Accepted Paper:

Dead in exile: negotiating belonging across borders  
Andrey Damaledo (Kyoto University)

Paper short abstract:

This paper examines dead and burial practices across three inter-generational Timorese groups in Indonesian West Timor. In spite of their socio and political variations, I argue that dead remains a powerful process to renegotiate belonging and rebuilding relationship across borders.

Paper long abstract:

Informed by Robert Hertz’ transformative process of double burial that changes the nature of the relationship between the dead and the living, I seek in this paper to focus on diverse practices of mortuary rites in exile. By exile, I specifically refer to pro-Indonesian East Timorese who left East Timor and decided to stay in West Timor after their historic Referendum. I draw upon ethnographies of dead in Indonesia and Timor-Leste to examine comparative case studies of burial practices across three inter-generational groupings: pre-1999 pro-integration leaders, during-1999 former member of militia group, and post-1999 youngsters growing up in Indonesia. In spite of their socio-economic and political variations, I argue that dead remains a powerful process to renegotiate belonging and rebuilding relationship across borders. Garden of heroes, public cemetery, individual front yard and the emerging dead body transport business serve as transitory sites that represent East Timorese separation from their homeland as well as their homecoming journey to be reunited with their ancestors.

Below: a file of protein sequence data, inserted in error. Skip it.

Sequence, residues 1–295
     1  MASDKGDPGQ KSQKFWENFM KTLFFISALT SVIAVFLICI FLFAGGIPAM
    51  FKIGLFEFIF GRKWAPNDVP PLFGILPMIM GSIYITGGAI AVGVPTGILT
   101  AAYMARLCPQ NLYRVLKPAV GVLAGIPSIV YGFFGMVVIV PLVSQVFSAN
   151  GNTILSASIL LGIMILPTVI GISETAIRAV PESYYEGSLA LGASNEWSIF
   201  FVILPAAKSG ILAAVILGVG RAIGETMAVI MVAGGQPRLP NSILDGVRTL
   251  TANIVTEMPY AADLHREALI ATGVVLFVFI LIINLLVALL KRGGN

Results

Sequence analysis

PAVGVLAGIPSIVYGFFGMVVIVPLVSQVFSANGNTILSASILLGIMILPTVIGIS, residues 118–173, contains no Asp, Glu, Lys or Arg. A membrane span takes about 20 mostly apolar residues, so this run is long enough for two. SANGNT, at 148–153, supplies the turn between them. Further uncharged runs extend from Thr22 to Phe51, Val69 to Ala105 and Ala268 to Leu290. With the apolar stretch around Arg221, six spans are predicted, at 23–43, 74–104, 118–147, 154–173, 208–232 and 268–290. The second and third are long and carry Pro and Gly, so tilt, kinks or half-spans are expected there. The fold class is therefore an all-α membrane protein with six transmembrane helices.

Panel P25
The dead in social life: death in the (re) constitution of sociality of the still living